t an aroused nation. When the Third Reform Bill was ready for passage, the ministers secured the King's promise to frustrate the opposition of the Lords by filling up the House with new peers created expressly to vote for reform. The threat sufficed. Wellington and the most stern and unbending Tories absented themselves from the decisive division, and allowed the Reform Bill to become a law in June, 1832.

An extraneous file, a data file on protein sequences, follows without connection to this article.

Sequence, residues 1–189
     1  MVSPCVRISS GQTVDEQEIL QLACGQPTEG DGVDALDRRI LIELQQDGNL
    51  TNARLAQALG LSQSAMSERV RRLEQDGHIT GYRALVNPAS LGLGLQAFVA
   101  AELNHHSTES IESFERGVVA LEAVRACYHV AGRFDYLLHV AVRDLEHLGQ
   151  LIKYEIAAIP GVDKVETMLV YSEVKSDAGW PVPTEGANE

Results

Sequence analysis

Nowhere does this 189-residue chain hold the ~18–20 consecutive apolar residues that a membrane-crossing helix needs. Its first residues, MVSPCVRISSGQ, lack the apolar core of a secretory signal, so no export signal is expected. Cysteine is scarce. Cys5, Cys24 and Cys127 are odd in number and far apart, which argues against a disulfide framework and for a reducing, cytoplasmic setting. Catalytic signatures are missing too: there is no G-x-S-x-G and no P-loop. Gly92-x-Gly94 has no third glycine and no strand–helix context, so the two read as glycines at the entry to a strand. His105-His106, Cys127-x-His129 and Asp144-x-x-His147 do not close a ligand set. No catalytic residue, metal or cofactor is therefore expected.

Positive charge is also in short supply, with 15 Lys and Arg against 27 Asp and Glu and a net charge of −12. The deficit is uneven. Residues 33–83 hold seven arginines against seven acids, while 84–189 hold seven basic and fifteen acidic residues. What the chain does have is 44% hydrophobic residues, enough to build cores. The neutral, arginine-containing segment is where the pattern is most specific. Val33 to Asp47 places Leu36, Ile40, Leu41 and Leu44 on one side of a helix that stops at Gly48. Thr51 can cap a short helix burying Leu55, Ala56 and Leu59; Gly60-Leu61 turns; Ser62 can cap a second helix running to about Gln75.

Great things were expected of the first Parliament which was chosen on the basis of the new law. The seats gained by the disfranchisement of the small and corrupt boroughs were distributed to new constituencies in London, Liverpool, Manchester, Birmingham, Leeds, Newcastle, and the other modern cities. The more populous counties were subdivided into districts, and the divisions received additional representation. The franchise had also been extended and based upon a moderate property qualification. The result was, that the center of political power passed from the nobilit